What was advertised in a colonial American newspaper 250 years ago today?
Chris Barone, a student in my Revolutionary America class in Fall 2021, selected this advertisement that Nathan Frazier placed in the January 9, 1772, edition of the Massachusetts Gazette and Boston Weekly News-Letter. It prompted a conversation about how the meanings of some words have shifted since the eighteenth century. Frazier advertised “Cutlery Ware” among his “fresh Assortment of English and Scotch GOODS,” but that phrase did not mean knives, forks, and spoons to the shopkeeper or his prospective customers.
Instead, cutlery referred to “the art or trade of the cutler,” according to the Oxford English Dictionary. That gave us a chance to discuss the cutler, “one who makes, deals in, or repairs knives and similar cutting utensils,” as a common occupation in the eighteenth century. It also prompted us to explore the entry for “cutlery” in the Oxford English Dictionary in greater detail. We learned that the word also refers to “articles made or sold by cutlers, as knives, scissors, etc.” That definition included an example from 1787, the same period as the advertisement Chris selected. For other examples, we looked to previous entries in the Adverts 250 Project. We discovered several advertisements placed by cutlers that listed a variety of items they made, sold, and repaired. Samuel Wheeler advertised “good scythes and sickles” in the Pennsylvania Gazette in June 1770. Amos Atwell listed “Case Knives and Forks, Carving Knives and Forks, Pocket and Pen Knives of various Kinds, Razors, [and] Surgeons Instruments” in an advertisement for his “CUTLERY BUSINESS” in the Providence Gazette in 1771. Bailey and Youle, “Cutlers from Sheffield,” informed the public that they “MAKE all sorts of surgeons instruments” and “grinds all sorts of knives, razors, shears, and scissors” in an advertisement in the New-York Gazette and Weekly Mercury in March 1771. A month later, Richard Sause ran a similar advertisement that included the same services and added “sword cutling.” Bailey and Youle included an image depicting about a dozen cutlery items. Sause again imitated his competitors with a similar image.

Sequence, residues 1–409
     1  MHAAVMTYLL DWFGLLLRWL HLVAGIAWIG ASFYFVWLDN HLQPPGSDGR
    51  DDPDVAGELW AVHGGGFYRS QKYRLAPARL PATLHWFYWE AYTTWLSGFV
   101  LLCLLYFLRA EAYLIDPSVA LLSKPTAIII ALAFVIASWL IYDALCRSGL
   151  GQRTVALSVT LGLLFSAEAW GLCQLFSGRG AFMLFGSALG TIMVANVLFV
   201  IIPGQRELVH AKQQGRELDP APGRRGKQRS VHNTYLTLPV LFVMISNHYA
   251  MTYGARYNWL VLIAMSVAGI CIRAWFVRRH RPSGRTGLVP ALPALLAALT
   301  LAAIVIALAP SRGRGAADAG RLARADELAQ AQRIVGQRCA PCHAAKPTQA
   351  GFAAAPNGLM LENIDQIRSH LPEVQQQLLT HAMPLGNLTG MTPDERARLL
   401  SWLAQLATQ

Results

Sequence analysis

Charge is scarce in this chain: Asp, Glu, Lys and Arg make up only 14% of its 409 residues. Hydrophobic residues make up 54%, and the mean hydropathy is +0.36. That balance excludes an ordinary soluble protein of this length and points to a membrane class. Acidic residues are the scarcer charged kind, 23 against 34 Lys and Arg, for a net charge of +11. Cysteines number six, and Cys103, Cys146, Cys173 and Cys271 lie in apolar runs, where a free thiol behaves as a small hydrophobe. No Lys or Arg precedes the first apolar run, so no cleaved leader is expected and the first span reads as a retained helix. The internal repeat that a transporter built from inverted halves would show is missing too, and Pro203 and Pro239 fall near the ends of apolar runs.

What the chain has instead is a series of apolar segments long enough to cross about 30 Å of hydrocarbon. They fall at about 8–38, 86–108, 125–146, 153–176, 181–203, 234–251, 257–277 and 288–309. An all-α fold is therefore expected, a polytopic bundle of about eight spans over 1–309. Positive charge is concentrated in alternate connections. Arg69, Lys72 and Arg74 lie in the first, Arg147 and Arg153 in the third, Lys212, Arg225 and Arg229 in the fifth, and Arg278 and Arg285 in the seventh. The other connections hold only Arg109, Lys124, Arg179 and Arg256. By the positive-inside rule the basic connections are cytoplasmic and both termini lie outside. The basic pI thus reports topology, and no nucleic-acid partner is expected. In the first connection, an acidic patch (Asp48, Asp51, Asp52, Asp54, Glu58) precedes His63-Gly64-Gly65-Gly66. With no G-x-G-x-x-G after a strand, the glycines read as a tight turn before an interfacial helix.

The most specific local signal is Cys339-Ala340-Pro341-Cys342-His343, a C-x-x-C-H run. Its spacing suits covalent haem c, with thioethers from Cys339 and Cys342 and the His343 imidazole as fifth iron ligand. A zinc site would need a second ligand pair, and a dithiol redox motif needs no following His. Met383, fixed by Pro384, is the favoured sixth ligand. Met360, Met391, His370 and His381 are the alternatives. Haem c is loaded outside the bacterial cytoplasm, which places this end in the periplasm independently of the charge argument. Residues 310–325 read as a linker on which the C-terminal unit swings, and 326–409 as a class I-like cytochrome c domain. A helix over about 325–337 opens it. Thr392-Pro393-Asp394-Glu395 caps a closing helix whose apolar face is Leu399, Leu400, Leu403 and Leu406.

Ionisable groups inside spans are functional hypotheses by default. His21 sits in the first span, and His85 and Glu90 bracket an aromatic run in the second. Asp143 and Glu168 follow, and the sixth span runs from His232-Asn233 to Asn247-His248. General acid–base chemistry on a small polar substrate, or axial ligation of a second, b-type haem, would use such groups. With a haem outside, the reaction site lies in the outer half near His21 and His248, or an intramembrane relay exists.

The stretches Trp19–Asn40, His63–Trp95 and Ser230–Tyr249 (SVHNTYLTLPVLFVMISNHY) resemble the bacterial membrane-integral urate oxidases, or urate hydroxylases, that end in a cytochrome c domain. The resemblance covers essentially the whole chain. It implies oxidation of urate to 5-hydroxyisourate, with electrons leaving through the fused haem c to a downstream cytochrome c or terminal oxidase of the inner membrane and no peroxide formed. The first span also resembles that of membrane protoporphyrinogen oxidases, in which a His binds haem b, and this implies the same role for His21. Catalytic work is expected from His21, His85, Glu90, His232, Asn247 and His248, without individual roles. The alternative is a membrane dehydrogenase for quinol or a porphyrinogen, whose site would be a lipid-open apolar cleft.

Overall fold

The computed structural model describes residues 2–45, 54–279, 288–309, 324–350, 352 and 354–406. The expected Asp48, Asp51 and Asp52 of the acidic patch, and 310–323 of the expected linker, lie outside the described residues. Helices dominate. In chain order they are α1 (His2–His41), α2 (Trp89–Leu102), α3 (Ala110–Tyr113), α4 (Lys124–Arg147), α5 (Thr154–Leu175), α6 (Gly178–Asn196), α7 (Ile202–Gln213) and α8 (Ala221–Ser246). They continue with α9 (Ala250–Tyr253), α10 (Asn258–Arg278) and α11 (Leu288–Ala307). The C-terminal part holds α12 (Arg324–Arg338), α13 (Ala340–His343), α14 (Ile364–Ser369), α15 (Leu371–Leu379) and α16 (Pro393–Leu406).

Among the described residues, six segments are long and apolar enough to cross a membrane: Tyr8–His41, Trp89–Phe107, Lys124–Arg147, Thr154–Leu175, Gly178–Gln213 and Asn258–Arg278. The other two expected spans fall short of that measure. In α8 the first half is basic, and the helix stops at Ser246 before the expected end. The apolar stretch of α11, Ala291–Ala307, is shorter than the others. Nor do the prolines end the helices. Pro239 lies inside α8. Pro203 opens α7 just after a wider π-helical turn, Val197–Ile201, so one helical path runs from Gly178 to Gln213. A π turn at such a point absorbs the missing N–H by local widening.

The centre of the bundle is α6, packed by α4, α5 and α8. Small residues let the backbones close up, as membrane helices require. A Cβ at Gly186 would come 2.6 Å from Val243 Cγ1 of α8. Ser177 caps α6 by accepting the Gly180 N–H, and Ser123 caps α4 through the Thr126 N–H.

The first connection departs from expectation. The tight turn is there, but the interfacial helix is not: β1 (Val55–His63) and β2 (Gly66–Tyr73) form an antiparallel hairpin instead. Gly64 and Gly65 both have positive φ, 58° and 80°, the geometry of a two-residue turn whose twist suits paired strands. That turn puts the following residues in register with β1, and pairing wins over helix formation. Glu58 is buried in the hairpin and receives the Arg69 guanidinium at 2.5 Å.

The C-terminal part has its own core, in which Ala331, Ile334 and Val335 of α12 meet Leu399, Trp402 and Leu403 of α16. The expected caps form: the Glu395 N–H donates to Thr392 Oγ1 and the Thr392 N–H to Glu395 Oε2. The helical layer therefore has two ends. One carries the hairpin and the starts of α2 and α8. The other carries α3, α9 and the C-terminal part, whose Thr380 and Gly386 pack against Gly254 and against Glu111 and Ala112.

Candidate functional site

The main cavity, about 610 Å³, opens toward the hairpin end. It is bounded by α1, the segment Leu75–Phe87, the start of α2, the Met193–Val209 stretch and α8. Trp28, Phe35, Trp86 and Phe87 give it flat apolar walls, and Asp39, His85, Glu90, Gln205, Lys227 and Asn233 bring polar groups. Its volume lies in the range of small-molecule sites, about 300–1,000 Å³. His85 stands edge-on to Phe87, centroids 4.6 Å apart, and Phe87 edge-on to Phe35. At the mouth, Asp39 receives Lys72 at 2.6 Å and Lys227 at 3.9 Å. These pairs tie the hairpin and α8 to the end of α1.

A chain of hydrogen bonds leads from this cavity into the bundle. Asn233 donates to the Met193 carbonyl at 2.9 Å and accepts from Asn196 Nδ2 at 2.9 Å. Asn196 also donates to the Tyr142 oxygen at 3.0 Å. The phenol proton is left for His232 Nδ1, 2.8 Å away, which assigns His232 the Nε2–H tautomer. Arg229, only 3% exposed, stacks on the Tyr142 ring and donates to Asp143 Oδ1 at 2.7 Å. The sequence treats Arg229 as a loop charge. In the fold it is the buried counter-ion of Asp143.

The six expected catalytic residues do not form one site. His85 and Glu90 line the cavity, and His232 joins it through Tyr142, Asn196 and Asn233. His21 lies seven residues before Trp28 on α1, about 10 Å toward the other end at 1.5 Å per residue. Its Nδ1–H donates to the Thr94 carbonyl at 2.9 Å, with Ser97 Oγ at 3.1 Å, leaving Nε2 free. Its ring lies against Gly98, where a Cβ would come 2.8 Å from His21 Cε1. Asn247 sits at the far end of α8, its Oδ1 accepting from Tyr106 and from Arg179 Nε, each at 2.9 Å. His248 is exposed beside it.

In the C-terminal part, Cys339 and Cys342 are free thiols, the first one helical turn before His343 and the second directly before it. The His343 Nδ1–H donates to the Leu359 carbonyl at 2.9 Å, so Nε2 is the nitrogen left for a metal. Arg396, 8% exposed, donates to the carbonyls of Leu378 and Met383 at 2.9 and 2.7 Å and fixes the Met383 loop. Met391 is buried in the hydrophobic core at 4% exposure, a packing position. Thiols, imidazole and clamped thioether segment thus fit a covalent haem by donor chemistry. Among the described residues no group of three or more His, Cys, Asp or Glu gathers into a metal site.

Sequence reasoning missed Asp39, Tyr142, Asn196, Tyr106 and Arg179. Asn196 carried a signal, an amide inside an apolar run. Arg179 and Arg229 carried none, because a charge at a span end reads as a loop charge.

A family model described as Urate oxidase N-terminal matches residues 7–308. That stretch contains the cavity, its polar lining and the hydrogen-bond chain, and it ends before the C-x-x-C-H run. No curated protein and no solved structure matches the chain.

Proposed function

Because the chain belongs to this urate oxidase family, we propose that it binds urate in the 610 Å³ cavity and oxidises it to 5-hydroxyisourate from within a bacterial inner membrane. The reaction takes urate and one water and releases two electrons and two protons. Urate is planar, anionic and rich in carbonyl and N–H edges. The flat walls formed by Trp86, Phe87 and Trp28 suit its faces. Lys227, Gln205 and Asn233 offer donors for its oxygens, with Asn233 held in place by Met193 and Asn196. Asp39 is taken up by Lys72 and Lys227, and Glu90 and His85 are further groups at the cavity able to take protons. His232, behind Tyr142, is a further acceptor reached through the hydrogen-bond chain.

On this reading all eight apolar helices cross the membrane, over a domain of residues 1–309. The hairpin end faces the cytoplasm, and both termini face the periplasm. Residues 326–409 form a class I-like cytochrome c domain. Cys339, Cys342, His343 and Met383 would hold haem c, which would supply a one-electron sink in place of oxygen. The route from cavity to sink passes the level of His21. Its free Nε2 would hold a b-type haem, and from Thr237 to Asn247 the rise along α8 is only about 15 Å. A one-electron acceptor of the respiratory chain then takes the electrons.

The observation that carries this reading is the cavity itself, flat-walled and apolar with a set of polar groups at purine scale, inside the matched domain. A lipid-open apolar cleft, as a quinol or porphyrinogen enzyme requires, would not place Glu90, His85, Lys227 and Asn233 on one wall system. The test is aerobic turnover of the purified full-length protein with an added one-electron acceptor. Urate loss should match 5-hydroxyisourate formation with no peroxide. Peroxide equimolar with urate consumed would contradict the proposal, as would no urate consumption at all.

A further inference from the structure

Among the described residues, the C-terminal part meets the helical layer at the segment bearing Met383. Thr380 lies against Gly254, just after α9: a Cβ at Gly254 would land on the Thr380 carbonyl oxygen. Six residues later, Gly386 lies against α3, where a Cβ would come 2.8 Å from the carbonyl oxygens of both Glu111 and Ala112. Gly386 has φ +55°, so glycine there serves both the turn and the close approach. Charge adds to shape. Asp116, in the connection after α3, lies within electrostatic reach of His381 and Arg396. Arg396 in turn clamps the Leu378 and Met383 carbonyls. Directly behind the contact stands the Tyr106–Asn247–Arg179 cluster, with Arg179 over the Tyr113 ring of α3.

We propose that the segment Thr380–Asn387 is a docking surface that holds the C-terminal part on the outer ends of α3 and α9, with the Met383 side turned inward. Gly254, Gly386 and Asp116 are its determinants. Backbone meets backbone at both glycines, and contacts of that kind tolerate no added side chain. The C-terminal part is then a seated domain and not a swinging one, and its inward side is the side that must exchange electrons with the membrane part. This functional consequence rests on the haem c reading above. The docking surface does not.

The Oxford English Dictionary also includes a definition for cutlery more familiar to modern readers: “knives, forks, spoons, etc., used for eating or serving food; a set of table utensils of this kind.” That entry includes several examples, though the earliest dates from 1821, half a century after Frazier placed his advertisement. A note also states that in earlier examples it is difficult to distinguish this meaning from “articles made or sold by cutlers.” Frazier’s advertisement for “Cutlery Ware” demonstrated that colonizers easily spoke a language of consumption among themselves that requires some effort by historians to understand 250 years later.